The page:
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Re: [MirageOS-devel] command line arguments for unikernels

Thanks, very nice read.

Few questions though:
- I guess the main difference between the Params.t and Cmdliner.Term.t is that 
the params are more "meta": they now how to print OCaml values and functions 
parsing OCaml values of that type (ie. that's useful in the context of Mirage 
multi-stage compilation, but maybe not so useful in a more generic case)
- Is that possible to build custom 'a converter? Missing an (`a option 
converter) and (int{32,64} converter), etc...

I am not very fond of the default references, not sure why you want someone to 
change them globally.

Also, how does it work when you want to define your custom parameters in 
config.ml? I think that was Magnus wanted to get his runtime extra value.


> On 4 Dec 2014, at 14:41, Nicolas Ojeda Bar <no263@xxxxxxxxxxxxxxx> wrote:
> Hi list,
> Thanks for the comments so far.  For greater clarity and precision, I wrote a
> short document explaining the rationale and the design of the proposed
> changes to the
> `mirage configure` tool.
> https://gist.github.com/nojb/f9c262d5fd691e6171ca
> Any comments appreciated!
> Best wishes,
> Nicolas
> On Tue, Dec 2, 2014 at 4:58 PM, Anil Madhavapeddy <anil@xxxxxxxxxx> wrote:
>> On 2 Dec 2014, at 16:52, Anil Madhavapeddy <anil@xxxxxxxxxx> wrote:
>>>> On 1 Dec 2014, at 14:31, Daniel BÃnzli <daniel.buenzli@xxxxxxxxxxxx> wrote:
>>>> Le lundi, 1 dÃcembre 2014 Ã 15:05, Thomas Gazagnaire a Ãcrit :
>>>>>> One can of course, make the names unique by combining the name of the
>>>>>> parameter with the name of the CONFIGURABLE (currently
>>>>>> semi-algorithmically generated to keep them unique), but this does not
>>>>>> seem very user friendly.
>>>>> Maybe expose a ?name paramater to all the combinators which will be 
>>>>> prefixed to parameter arguments if needed.
>>>> I'm not sure that's the problem. If I understood well it seems that 
>>>> functor application does generate new configuration values.
>>>> Of course if they are meant to be shared among instances it means that you 
>>>> are declaring them at the wrong place. Best would be to define a module 
>>>> with "standard" configuration keys (e.g. ip address) to be used to be used 
>>>> throughout the system and telling users to first try to use the standard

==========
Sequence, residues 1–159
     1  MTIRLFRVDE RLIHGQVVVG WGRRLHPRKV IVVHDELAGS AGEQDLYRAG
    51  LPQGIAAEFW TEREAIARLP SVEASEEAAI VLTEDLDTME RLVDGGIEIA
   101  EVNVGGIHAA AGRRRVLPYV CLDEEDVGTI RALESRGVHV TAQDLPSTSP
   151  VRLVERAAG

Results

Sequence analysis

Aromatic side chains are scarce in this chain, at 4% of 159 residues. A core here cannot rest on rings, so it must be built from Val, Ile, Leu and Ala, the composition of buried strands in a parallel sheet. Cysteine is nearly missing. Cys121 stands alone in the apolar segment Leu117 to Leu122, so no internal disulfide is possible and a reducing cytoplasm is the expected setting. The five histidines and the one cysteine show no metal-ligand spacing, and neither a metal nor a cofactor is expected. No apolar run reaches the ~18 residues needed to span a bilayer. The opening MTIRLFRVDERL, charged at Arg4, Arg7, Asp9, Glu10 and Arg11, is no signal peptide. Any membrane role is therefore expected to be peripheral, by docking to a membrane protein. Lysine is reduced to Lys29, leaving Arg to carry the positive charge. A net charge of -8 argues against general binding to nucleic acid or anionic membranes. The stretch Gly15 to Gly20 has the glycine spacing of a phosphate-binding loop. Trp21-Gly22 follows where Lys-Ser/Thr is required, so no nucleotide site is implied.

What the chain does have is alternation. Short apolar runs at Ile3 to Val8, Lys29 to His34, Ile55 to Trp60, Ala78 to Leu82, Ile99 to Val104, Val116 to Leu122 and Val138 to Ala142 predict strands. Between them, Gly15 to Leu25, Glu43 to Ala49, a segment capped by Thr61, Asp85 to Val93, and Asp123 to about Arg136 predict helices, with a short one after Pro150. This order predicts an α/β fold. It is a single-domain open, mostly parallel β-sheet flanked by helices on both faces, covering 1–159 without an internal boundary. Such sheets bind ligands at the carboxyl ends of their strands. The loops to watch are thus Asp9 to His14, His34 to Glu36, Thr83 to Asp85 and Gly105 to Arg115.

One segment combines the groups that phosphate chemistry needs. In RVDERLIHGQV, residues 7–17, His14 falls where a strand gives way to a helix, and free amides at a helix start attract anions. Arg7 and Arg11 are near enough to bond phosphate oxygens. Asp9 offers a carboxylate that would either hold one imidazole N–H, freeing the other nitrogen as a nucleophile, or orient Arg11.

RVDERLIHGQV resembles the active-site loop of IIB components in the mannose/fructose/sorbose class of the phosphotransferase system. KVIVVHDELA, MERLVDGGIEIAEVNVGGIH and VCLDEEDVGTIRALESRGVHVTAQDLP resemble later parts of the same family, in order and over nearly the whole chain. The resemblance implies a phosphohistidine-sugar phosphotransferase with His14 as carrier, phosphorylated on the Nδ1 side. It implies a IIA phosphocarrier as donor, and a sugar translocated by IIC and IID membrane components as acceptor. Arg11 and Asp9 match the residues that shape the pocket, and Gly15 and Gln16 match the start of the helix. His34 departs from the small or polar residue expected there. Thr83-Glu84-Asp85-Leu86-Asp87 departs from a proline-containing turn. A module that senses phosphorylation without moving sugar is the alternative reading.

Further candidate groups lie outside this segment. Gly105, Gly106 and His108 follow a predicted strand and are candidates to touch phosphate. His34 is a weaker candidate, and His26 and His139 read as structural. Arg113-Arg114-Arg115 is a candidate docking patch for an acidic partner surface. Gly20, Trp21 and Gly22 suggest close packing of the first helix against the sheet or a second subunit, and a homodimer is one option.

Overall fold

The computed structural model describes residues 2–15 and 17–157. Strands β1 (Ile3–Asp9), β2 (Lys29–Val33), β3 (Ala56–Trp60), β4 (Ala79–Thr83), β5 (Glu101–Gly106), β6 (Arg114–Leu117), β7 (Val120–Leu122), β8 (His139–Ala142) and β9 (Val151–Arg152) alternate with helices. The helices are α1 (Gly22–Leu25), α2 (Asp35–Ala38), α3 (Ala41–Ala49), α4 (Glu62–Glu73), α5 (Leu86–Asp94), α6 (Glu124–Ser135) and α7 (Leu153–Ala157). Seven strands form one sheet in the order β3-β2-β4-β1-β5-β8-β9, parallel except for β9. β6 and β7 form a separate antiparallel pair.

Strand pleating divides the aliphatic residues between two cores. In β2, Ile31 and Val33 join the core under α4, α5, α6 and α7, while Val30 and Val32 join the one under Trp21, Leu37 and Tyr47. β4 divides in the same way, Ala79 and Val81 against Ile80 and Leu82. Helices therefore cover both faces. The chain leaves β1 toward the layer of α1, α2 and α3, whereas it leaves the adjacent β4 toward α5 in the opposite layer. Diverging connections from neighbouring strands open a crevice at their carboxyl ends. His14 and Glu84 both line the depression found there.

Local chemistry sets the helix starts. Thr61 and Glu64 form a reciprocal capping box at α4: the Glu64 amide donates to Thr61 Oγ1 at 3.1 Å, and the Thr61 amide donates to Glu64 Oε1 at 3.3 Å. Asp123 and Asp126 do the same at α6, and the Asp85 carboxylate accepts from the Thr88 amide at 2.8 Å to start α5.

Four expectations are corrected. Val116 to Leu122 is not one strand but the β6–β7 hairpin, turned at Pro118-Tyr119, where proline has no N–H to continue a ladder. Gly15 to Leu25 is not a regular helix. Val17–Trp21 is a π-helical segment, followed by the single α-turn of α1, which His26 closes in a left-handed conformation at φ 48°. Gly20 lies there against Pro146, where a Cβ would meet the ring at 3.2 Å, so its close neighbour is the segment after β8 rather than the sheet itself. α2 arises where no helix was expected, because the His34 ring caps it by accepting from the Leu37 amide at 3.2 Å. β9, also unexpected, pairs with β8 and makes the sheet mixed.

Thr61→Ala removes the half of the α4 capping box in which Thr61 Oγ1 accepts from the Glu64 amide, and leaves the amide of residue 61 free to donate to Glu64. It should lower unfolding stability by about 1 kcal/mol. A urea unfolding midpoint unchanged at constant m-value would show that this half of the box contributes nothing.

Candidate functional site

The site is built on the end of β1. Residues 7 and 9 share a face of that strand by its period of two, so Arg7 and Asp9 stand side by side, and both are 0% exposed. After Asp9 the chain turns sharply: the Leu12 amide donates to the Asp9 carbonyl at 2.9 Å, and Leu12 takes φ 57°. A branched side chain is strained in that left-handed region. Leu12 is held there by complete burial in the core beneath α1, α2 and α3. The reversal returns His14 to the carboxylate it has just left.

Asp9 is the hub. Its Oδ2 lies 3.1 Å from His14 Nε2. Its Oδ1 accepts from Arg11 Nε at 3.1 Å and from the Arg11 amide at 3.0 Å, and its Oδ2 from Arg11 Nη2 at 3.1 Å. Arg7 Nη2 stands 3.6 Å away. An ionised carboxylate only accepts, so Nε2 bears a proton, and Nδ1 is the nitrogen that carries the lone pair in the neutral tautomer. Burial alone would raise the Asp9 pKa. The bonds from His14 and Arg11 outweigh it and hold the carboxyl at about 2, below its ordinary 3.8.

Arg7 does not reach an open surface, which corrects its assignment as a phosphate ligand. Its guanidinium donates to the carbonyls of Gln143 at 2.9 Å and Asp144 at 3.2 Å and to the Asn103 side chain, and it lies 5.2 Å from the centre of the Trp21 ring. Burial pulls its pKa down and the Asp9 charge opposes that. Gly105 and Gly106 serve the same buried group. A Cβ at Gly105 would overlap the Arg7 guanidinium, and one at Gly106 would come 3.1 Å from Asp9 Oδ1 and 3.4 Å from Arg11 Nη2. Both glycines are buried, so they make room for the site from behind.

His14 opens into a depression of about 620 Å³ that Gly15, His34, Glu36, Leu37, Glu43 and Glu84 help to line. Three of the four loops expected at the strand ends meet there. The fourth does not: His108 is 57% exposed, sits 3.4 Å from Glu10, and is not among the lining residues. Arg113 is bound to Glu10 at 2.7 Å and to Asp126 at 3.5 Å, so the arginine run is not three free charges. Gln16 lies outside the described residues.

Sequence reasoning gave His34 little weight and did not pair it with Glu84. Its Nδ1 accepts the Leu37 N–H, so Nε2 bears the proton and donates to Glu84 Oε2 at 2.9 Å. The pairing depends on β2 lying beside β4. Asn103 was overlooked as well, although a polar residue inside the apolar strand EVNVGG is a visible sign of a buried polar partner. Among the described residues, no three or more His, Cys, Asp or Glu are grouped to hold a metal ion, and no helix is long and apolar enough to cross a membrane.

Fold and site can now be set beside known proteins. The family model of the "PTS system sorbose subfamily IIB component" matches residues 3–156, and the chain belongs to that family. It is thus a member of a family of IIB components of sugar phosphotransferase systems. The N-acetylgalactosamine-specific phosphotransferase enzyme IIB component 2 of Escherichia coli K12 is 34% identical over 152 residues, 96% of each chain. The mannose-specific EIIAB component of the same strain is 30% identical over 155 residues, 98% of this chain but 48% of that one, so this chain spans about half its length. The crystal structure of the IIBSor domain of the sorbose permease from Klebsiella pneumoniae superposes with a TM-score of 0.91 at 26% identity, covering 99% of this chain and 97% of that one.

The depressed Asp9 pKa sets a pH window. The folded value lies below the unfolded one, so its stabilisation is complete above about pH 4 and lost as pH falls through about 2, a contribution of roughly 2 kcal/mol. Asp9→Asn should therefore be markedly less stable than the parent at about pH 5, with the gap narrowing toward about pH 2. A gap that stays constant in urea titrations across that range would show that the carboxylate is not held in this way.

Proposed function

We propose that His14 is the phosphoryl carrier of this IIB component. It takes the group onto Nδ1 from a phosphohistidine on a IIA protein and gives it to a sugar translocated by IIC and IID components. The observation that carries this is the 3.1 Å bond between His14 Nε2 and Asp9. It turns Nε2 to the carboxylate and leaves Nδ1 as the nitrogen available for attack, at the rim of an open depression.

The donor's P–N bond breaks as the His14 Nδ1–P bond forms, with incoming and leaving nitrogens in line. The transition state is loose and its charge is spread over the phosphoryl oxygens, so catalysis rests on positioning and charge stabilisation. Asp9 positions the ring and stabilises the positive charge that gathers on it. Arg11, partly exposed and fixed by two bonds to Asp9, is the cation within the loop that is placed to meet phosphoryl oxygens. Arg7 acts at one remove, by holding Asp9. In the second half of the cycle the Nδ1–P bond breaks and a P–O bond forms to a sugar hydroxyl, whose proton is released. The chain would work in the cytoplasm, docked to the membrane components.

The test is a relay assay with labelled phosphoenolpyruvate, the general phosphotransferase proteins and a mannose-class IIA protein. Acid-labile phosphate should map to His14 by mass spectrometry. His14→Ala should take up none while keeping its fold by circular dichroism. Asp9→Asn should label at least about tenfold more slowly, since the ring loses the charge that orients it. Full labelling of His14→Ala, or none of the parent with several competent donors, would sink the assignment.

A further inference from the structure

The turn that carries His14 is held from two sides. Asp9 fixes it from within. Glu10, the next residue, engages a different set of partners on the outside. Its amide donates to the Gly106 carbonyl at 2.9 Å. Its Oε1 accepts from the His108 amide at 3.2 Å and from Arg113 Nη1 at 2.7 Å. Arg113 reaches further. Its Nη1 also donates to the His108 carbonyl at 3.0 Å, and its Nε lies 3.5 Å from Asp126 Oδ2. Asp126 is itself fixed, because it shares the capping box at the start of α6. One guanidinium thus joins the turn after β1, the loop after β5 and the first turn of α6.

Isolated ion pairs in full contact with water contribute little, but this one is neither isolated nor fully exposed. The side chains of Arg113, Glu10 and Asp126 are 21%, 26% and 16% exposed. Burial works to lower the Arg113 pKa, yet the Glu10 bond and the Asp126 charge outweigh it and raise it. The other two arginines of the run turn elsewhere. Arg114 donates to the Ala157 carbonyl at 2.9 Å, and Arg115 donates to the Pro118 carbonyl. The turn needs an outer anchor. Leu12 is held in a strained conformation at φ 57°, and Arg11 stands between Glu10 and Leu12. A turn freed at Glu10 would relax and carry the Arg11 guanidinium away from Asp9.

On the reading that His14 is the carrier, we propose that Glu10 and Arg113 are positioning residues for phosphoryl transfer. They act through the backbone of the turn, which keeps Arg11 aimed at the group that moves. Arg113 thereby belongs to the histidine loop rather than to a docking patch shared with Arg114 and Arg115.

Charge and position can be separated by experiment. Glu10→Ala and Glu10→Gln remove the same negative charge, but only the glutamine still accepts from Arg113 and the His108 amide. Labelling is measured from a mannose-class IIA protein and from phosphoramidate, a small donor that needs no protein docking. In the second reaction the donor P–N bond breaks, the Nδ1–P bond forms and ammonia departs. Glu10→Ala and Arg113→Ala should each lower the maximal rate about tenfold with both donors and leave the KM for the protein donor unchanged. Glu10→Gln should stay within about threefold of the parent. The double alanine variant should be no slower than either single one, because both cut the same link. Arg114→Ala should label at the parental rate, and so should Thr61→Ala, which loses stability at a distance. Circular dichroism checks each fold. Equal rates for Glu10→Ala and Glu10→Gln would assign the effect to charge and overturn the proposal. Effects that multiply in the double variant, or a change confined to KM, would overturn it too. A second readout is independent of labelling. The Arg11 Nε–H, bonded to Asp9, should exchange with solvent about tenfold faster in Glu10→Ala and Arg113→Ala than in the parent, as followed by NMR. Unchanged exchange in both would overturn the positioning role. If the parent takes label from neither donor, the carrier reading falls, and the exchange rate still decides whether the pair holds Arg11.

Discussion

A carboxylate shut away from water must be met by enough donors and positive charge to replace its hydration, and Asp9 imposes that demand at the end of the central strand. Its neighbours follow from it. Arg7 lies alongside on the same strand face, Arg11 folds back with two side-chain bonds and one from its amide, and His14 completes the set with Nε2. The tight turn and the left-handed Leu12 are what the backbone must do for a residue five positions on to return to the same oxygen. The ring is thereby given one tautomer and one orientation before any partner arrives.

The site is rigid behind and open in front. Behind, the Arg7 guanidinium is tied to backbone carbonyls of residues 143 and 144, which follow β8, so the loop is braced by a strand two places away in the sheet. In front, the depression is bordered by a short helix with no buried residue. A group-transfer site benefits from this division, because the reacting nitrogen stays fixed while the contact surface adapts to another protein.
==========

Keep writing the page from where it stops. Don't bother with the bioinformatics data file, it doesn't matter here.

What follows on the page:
>>>> configuration keys before trying to define new ones.
>>> One problem currently is that while functor application generates new 
>>> configuration values, the actual instantiations of devices may reuse the 
>>> functor application with different state variables.
>>> For instance, right now if we generate a HTTP client, we need this in our 
>>> config.ml:
>>> let sv4 = stack default_console in
>>> let res_dns = resolver_dns sv4 in
>>> let conduit = conduit_direct sv4 in
>>> The stack (sv4) is instantiated as one functor, but is currently 
>>> connect()'ed twice.  The observable bug is that it issues a DHCP query for 
>>> every time it is called.
>>> Filling this at first glance requires instantiations to be lazy, so that we 
>>> reuse them.  However, it may be necessary to explicitly name devices so 
>>> that we can safely memoise multiple stacks that share the same functor but 
>>> otherwise differ in their state (e.g. two completely separate stacks that 
>>> issue their own DHCP requests with their own MAC addresses, but otherwise 
>>> share the same OCaml TCP/IP functors).
>>> (see https://github.com/mirage/mirage/issues/331 for more)
>> An addendum to this is that we don't want to always make every device use 
>> lazy and shared by default.
>> In the example above, it is perfectly sensible to want to have one IP stack 
>> for the purposes of DNS resolution only, and another for the purposes of 
>> opening network connections for data transfer.  That's difficult to setup on 
>> most systems today, but should be possible to assemble with Mirage.
>> -anil

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